Now it's time for us to 'inherit' that base typeahead component we created earlier. I'm saying 'inherit' here because we're just going to create a new wrapper component around TypeaheadBase so we can have cleaner and tidier code.


import * as React from 'react';
import { renderToString } from 'react-dom/server';
import TypeaheadBase from './Typeahead.Base';
import SuggestionTemplate from './SuggestionTemplate';
import MoviesDataProviderLocal from './MoviesDataProvider.Local';

export interface ITypeaheadMovieSuggestionsProps {
    name: string,
    text: string,
    onChange: Function,
    dataProvider: MoviesDataProviderLocal

export default class TypeaheadMovieSuggestions extends 
    React.Component<ITypeaheadMovieSuggestionsProps, {}> {


    render = () => {
        return (
                    minLength: 3,
                    highlight: true,
                    searchField: "title",
                    classNames: {
                        menu: `tt-menu`
                    dataset: {
                        source: this.props.dataProvider.DataSource,
                        display: (arg) => {
                            return arg.title;
                        templates: {
                            suggestion: (arg) => {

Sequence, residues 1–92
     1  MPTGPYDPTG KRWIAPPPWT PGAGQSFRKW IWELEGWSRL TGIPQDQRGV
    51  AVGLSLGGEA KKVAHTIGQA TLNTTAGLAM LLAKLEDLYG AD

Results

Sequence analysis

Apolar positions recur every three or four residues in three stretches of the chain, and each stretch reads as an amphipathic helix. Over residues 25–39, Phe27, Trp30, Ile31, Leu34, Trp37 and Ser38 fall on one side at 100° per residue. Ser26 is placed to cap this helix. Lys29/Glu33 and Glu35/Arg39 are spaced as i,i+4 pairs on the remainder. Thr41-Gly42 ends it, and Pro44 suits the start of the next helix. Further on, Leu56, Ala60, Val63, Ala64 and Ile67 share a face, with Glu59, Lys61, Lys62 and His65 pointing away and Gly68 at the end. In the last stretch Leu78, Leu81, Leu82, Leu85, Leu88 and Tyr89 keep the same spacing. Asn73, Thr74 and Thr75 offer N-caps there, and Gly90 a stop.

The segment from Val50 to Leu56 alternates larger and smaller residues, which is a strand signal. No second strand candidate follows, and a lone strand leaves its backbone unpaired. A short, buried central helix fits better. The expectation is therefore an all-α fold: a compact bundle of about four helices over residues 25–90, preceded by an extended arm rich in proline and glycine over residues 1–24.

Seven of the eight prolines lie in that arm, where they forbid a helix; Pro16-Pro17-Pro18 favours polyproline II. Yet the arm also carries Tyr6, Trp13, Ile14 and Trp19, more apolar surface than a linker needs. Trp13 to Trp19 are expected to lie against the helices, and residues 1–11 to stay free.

const html = renderToString(
                                    <SuggestionTemplate data={arg}/>
                                return html;
                        limit: 100

Our TypeaheadMovieSuggestions component is going to be a controlled component - accepts onChange callback as one of its props so we can consume it as a controlled component. We haven't really made really granular props for customizing the component, however you could add whatever options you wish and abstract it even further.

Now let's create our mock form component where we are going to consume our movie suggestions input.


import * as React from 'react';
import TypeaheadMovieSuggestions from './Typeahead.MovieSuggestions';
import MoviesDataProviderLocal from './MoviesDataProvider.Local';

interface IMockFormState {
    selectedMovie: string

export default class MockForm extends React.Component<{}, IMockFormState> {

        this.state = {
            selectedMovie: ""

    private readonly handleValueChange = ({target}): void => {
            selectedMovie: target.value.title

    private readonly handleOnSubmitClick = (): void => {
        alert(`You've selected ${this.state.selectedMovie}`);

    render = () => {
        return (
            <form style={{width: "800px"}}>
                <fieldset style={{marginBottom: "50px"}}>
                    <legend>Local data source</legend>
                    <label htmlFor="selectedMovieLocal">Movie name:</label>
                        dataProvider={new MoviesDataProviderLocal()}

                    value="Mock Submit" 
                    disabled={this.state.selectedMovie === ""}

Modify App.tsx so it renders our MockForm instead of an h1 tag:

import * as React from 'react';
import * as ReactDOM from 'react-dom';
import MockForm from './MockForm';

    <MockForm />, 

Run npm run build to compile the files and browse index.html directly from your file system.

Some of the files we created in this tutorial are different than their counterparts in the github repository; other files are simply omitted for convenience.